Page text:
May 02, 2009,
A.K. asks from Pleasant Hill, CA on April 30, 2009
2 Year Old Daughter Just Diagnosed with "Vesicoureteral Reflux"
My daughter had a UTI that became a kidney infection. Her doctor has us go in for a renal ultrasound and a VCUG. The renal ultrasound showed that one of her kidneys is small, and the VCUG showed she has vesicoureteral reflux, a condition where urine flows backwards from the bladder into the kidneys. We just had the tests done today, and the radiologist said she would give our doctor the report, and our doctor would give us more detailed info. But in the meantime I would like to hear from others who have been through this with their children. Was your child put on long-term antibiotics? Was surgery necessary, or did it resolve itself as your child got older? If it did resolve itself, how old was your child? Or just any other info you would like to share. Thanks so much.
2 moms found this helpful
M.H. answers from San Francisco on May 01, 2009
My five year old was diagnosed at 9 months after developing a UTI. We did the VCUG and renal ultrasounds. My hudband's cousin's children all had reflux, so we assumed it was gentic in some way. We chose to put her on antibiotics once daily (keflex). She never had another UTI. She had two more VCUGs and the reflux was gone by the time she was three. She did not have slow kidney growth, though. She recently had them measured again and they are normal.
One thing that our doctors noticed at the end of her case was that they never changed her Keflex dose in three years. The nephrologist never adjusted it and it didn't occur to us. So her dose from being 15 pounds to a 30 pounds was 5mm. It was likely not having much effect anyway. I think if our youngest showed signs we would have her diagnosed, but consider skipping the antibiotics and just be very aware of UTI symptoms. She seems to be immuned to Keflex now which can be frustrating.
D.D. answers from San Francisco on May 01, 2009
My son Joseph was born with hydronephrosis of his left kidney which was discovered on my 22 week ultrasound. He was given a low-dose antibiotic from birth and had two surgeries for reimplantation of his left ureter before the age of two. He is now ten years old and although his left kidney only functions at 18% the right one makes up for it and he is an active, healthy little boy. I would be happy to talk to you more about your daughter's diagnosis and our experience if you would like to contact me. My name is D., I am also a SAHM and Joseph has a younger sibling Rowan aged four. You can email me at ____@____.com or call me on ###-###-####. I will be out and about most of today, but at home this evening. I know it's very difficult, but please try not to worry.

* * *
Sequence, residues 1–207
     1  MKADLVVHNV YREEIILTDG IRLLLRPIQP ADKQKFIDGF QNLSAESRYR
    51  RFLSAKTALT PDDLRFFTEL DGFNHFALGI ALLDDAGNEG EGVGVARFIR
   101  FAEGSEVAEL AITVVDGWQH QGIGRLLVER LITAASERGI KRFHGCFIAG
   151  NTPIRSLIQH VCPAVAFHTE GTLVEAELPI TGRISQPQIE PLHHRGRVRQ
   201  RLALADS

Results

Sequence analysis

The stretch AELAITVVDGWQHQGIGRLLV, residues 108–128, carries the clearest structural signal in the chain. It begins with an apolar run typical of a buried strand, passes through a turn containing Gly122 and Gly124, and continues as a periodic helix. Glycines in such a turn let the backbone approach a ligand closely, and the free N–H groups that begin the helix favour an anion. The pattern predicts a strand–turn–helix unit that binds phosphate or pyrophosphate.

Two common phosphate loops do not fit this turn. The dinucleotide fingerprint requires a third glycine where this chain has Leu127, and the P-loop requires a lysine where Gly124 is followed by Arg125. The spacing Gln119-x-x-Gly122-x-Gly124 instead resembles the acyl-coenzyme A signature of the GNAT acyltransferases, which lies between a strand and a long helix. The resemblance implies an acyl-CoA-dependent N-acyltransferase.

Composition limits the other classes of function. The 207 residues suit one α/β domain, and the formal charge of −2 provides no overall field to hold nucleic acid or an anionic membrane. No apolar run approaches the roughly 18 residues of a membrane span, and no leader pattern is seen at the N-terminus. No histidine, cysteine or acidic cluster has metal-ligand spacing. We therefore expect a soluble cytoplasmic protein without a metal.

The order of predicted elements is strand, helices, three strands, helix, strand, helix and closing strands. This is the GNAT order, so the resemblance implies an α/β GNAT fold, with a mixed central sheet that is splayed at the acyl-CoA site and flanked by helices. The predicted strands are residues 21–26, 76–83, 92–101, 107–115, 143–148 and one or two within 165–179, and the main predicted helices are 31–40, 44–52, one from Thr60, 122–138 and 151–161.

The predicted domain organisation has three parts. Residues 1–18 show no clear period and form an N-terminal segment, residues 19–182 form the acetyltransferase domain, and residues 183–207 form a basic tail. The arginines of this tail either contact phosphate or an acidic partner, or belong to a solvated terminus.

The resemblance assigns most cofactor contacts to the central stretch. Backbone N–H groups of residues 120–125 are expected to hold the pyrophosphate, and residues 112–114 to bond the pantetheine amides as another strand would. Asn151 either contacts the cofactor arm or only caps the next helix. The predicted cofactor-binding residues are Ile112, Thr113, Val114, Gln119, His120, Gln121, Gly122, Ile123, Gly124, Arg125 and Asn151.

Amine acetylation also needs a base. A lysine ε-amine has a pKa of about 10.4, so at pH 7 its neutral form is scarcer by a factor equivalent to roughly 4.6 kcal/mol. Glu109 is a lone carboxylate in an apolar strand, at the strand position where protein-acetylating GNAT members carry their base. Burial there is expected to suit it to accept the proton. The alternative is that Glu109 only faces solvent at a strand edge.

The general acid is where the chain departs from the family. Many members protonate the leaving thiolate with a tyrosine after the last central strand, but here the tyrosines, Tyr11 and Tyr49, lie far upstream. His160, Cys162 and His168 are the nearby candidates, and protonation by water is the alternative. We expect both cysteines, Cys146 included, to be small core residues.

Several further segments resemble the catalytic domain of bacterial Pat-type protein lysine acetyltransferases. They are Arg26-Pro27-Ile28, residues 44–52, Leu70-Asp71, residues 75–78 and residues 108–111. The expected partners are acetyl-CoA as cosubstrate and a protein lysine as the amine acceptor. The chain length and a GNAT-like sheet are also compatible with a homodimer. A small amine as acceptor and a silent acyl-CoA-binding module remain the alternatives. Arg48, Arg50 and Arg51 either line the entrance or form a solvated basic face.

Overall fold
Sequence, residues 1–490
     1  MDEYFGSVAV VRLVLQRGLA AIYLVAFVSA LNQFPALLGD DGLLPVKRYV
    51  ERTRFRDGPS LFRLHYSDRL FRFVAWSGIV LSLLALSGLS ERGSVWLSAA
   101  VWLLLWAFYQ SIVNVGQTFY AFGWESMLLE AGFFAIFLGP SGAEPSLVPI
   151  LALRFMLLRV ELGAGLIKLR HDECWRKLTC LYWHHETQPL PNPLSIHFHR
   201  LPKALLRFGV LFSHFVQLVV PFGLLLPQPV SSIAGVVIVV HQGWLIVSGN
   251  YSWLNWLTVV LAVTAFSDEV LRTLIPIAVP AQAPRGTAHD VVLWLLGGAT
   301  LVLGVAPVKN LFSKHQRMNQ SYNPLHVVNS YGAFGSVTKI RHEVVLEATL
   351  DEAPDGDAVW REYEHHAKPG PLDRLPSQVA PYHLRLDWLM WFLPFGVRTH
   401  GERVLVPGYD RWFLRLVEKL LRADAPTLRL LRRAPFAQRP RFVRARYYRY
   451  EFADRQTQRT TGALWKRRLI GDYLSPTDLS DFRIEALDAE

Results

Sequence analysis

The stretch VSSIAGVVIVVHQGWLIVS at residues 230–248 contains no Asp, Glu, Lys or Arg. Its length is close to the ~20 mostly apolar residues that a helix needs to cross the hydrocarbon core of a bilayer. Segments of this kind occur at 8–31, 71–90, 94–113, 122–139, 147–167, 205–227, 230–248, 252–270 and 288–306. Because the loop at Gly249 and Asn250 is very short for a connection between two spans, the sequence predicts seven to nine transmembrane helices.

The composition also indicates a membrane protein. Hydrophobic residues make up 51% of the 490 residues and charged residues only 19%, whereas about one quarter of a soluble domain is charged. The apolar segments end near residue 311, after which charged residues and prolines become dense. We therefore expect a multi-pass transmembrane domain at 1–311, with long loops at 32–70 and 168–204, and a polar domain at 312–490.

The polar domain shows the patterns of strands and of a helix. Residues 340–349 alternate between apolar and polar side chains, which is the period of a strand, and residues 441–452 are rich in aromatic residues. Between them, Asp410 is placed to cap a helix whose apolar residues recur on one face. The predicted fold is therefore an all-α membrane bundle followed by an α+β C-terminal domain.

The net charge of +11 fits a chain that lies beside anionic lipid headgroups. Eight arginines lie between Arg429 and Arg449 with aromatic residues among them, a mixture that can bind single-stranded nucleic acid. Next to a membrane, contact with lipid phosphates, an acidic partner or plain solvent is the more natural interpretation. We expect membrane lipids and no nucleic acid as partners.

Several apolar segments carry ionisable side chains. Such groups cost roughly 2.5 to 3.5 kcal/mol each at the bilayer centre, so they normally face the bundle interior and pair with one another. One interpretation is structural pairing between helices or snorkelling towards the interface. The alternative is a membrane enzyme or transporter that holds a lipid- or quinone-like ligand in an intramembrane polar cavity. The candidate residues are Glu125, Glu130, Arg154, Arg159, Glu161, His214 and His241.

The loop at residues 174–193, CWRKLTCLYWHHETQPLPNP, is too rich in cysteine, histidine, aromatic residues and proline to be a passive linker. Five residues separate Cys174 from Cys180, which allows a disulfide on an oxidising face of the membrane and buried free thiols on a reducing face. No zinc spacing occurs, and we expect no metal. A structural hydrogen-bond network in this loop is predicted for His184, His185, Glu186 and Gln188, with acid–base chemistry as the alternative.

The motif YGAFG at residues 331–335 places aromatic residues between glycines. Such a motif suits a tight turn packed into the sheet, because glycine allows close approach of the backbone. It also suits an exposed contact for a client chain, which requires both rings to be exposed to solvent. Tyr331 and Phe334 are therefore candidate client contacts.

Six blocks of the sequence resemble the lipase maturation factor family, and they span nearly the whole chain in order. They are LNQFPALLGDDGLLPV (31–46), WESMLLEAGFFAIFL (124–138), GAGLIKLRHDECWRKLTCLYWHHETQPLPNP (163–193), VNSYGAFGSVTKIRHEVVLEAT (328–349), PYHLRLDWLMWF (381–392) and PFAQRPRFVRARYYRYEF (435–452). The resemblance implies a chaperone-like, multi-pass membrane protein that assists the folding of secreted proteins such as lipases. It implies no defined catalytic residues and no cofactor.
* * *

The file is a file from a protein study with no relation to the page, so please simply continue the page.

J.I. answers from San Francisco on May 01, 2009
My son was diagnosed with reflux at 4 mos old after having a UTI. He had stage 4 reflux on both sides and was treated at Stanford University Urology dept with low dose antibiotics for infection prevention. He never had another UTI. We had quarterly ultrasounds to make sure the kidneys were not damaged, and when we went for his first annual VCUG, we were told that his reflux was completely gone and that we had to do no follow-up. We were shocked and thrilled that it went away so quickly.
G.B. answers from San Francisco on May 02, 2009
My 3 yr old was also diagnosed with kidney infection (pylonephritis). What you need to know is that this disease is a serious bacterial infection that needs to be treated with extended (1 -2 months)antibiotics and/or also INTRAVENIOUS antibiotics. Children that are not put on an extended course of IV ABX can get arthritis down the line.
My daughter is now 12, has been suffering with Arthritis type pain since 4 yrs old, starting in a knee and progressing to her hips and back. She was treated by a regular family pedi instead of a specialist. Truthfully, microbiologists are the ones who really study and understand bacterias and what happens with them in the body. I think the closest thing to them , for a doc who understands mycoplasmas and cell wall deficient bacerias, is a Lyme disease specialist.
What you can do,and what I would do if I knew now what I didnt know then, is to push hard for What you need. If the doc won't give you IV ABX for at least a month, I would use SAMENTO (an antibacterial you can find online) 5-8 drops, 4 times a day.
Check this out:
Do not give bubble baths , ever. If the child ever opens up the urethra to urinate in soapy water, the soap, and any bacteria , will go right up into it.
N.P. answers from San Francisco on May 02, 2009
Our daughter also had a UTI that turned into a kidney infection. We went through the same set of tests, which ultimately came out OK..but a friend of mine's daughter is currently going through the same issues after a year of antibiotics the reflux still exists and they are considering the surgery. Many children outgrow the reflux, right? I think it is fairly common-good luck with whatever decision you make.
M.S. answers from Stockton on May 01, 2009
My oldest son (will be 3 then end of may) was found to have an enlarged kidney while I was still pregnant. My Drs. said it is typically a boy issue. He was put on antibotics from the day he was born. He had his first VCUG when he was 5 days old. He was then diagnosed with reflux. He was the worst stage you can be on one side and about a stage 3 on the other. They gave him a year to see if it would correct itself. However, it didn't. At about 13 months he had a surgery called deflux done. It is a noninvasive procedure where they inject a solution into the bladder. They place it at the end of each ureter to block it so the urine can't reflux up into the kidneys. The procedure was effective and he has been off antibiotics ever since! Now we just have to watch for bladder infections. The Dr said it he gets a bladder infection, that means the solution has moved and they would need to do it again.